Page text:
Actualización: Completion of the archaeological investigations at the multi-period site of Prastio-Mesorotsos  / Link 2 

The Department of Antiquities, Ministry of Transport, Communications and Works, announces the completion of the 2016 University of Edinburgh archaeological investigations at the multi-period site of Prastio-Mesorotsos in the Pafos district.

The expedition is under the direction of Dr Andrew McCarthy, Fellow of the School of History, Classics and Archaeology at the University of Edinburgh, and Director of the Cyprus American Archaeological Research Institute (CAARI).

According to an official press release, this year’s investigations took place between the 24 July to 24 August 2016.

The project involves the cooperation of an interna.tional team of specialists and field school students. In the ninth season of activity at the site, the team excavated in four areas, exposing prehistoric remains from the Neolithic, Chalcolithic and the Early and Middle Bronze Ages, as well as a small area of Late Roman/Byzantine occupation.

Additionally, this season a survey and geophysical prospection of an area on the opposite bank of the Dhiarizos River, near the abandoned village of Prasteio, was conducted.

The earliest evidence for the use of the site dates to the Pre-Pottery Neolithic period.

In 2016 the team excavated a remarkable set of shallow pits, many of which contained special broken objects placed in a ritualistic manner, including picrolite objects, stone vessels and human remains...

Russian Archaeologists Discover Cave Paintings Dated 3000 BC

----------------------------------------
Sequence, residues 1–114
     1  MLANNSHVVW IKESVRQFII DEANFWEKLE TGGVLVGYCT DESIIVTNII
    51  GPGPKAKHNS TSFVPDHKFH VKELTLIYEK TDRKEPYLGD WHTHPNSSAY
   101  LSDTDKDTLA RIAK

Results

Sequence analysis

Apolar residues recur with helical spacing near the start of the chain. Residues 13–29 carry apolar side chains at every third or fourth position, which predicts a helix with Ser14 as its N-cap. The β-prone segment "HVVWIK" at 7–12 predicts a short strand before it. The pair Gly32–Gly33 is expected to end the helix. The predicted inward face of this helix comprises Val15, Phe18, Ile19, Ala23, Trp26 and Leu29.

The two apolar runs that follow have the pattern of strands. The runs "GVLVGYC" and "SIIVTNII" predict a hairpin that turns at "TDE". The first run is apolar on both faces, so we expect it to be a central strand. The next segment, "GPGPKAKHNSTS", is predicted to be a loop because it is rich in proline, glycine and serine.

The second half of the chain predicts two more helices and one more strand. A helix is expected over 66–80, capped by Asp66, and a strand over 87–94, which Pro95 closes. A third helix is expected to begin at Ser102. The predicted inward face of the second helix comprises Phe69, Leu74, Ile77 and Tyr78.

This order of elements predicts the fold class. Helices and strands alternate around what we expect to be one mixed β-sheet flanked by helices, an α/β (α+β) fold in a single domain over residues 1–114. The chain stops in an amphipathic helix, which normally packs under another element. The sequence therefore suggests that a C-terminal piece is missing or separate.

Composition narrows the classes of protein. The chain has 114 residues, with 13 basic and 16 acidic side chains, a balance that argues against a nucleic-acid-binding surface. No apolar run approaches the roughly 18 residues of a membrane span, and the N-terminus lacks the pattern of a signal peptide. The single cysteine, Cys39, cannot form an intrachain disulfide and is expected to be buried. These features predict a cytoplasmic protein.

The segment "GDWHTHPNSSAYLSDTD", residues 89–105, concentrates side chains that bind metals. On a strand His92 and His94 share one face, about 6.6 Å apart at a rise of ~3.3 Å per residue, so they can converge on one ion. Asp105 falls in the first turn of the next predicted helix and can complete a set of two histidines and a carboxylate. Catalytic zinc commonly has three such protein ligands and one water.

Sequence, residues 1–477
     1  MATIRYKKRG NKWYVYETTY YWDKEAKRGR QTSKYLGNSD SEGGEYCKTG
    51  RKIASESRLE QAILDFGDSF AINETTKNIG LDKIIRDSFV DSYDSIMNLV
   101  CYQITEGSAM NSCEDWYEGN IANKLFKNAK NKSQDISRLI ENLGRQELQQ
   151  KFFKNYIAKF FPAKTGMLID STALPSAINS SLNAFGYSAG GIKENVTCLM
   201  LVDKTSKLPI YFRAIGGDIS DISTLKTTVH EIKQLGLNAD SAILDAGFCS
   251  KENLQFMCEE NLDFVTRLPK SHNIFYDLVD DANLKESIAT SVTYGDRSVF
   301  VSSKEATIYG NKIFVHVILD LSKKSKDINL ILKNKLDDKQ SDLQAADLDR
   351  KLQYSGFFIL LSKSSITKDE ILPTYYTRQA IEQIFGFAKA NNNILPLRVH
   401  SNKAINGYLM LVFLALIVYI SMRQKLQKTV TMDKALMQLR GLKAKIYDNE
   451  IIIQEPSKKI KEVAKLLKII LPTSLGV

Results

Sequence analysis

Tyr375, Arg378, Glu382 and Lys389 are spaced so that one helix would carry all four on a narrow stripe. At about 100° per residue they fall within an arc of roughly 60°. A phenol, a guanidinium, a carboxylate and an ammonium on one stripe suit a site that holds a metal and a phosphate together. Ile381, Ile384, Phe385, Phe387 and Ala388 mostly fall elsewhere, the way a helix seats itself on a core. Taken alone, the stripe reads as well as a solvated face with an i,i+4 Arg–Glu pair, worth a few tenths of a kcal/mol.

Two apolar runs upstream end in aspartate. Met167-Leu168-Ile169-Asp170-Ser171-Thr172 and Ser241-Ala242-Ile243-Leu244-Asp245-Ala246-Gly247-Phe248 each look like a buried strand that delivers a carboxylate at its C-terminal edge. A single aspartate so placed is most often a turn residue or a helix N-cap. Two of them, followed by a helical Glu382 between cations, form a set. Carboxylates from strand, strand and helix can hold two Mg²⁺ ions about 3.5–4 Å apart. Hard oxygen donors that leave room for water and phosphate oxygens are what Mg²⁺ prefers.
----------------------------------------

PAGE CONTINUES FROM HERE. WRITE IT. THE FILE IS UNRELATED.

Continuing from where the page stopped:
Russian archaeologists have discovered ancient cave paintings dating back to 3000 BC in a gorge in southern Russia, they said.

"A few days ago we found five drawings, fairly large fragments, on the territory of the Khasaut gorge," archaeologist Andrei Belinsky was quoted as saying Tuesday by the Interfax news agency.

"This is a great discovery because no one has ever seen them before," said Belinsky, who heads the Stavropolsky region's Heritage cultural museum.

Belinsky added that the paintings, which were discovered near the Caucasian town of Kislovodsk, were made using ochre paint and had been dated back to the Third Bronze Age.

One of the paintings discovered in the gorge features a hunting scene as well as figures that appear to be from another world — leading scholars to conclude the paintings may have been used in ancient rituals, Interfax reported.

Ochre, which comprises natural earth pigments, is revered for its long-lasting qualities and many cave paintings discovered around the world were made using the mineral-based paint. themoscowtimes.com/

Actualización 17-10-14: Arqueólogos rusos descubren pinturas rupestres de 5.000 años – RT
Arqueólogos rusos han descubierto unas pinturas rupestres pertenecientes al tercer milenio antes de Cristo. El hallazgo ha sido realizado cerca de la ciudad de Kislovodsk, en la región de Stávropol, en el Cáucaso Norte.

"Hace unos días encontramos cinco pinturas, fragmentos bastante grandes, en el desfiladero de Jasaut", dijo el martes pasado el arqueólogo Andréi Belinski citado por la agencia de noticias Interfax.

"Se trata de un gran descubrimiento porque nadie las había visto antes, nadie las ha publicado", dijo Belinski, director de la filial en la región de Stávropol de la empresa estatal Nasledia ('patrimonio').

El arqueólogo agregó que las pinturas descubiertas cerca de la ciudad de Kislovodsk se hicieron con pintura ocre y se remontan a la Edad de Bronce, al tercer milenio antes de Cristo.

Uno de los fragmentos representa una escena de caza, concretamente el momento en el que los cazadores disparan flechas con sus arcos. Según los científicos, esta acción era un símbolo en el sistema de representación del mundo de ultratumba en la antigüedad.

Elaboradas como composiciones complejas e historias que servían de enlace con los poderes superiores, estas imágenes podrían haber sido utilizadas en rituales antiguos, precisan los arqueólogos.

El ocre, un mineral terroso de color amarillo, era muy apreciado por sus cualidades duraderas y muchas obras rupestres descubiertas en todo el mundo se pintaron con tintes a base de este mineral.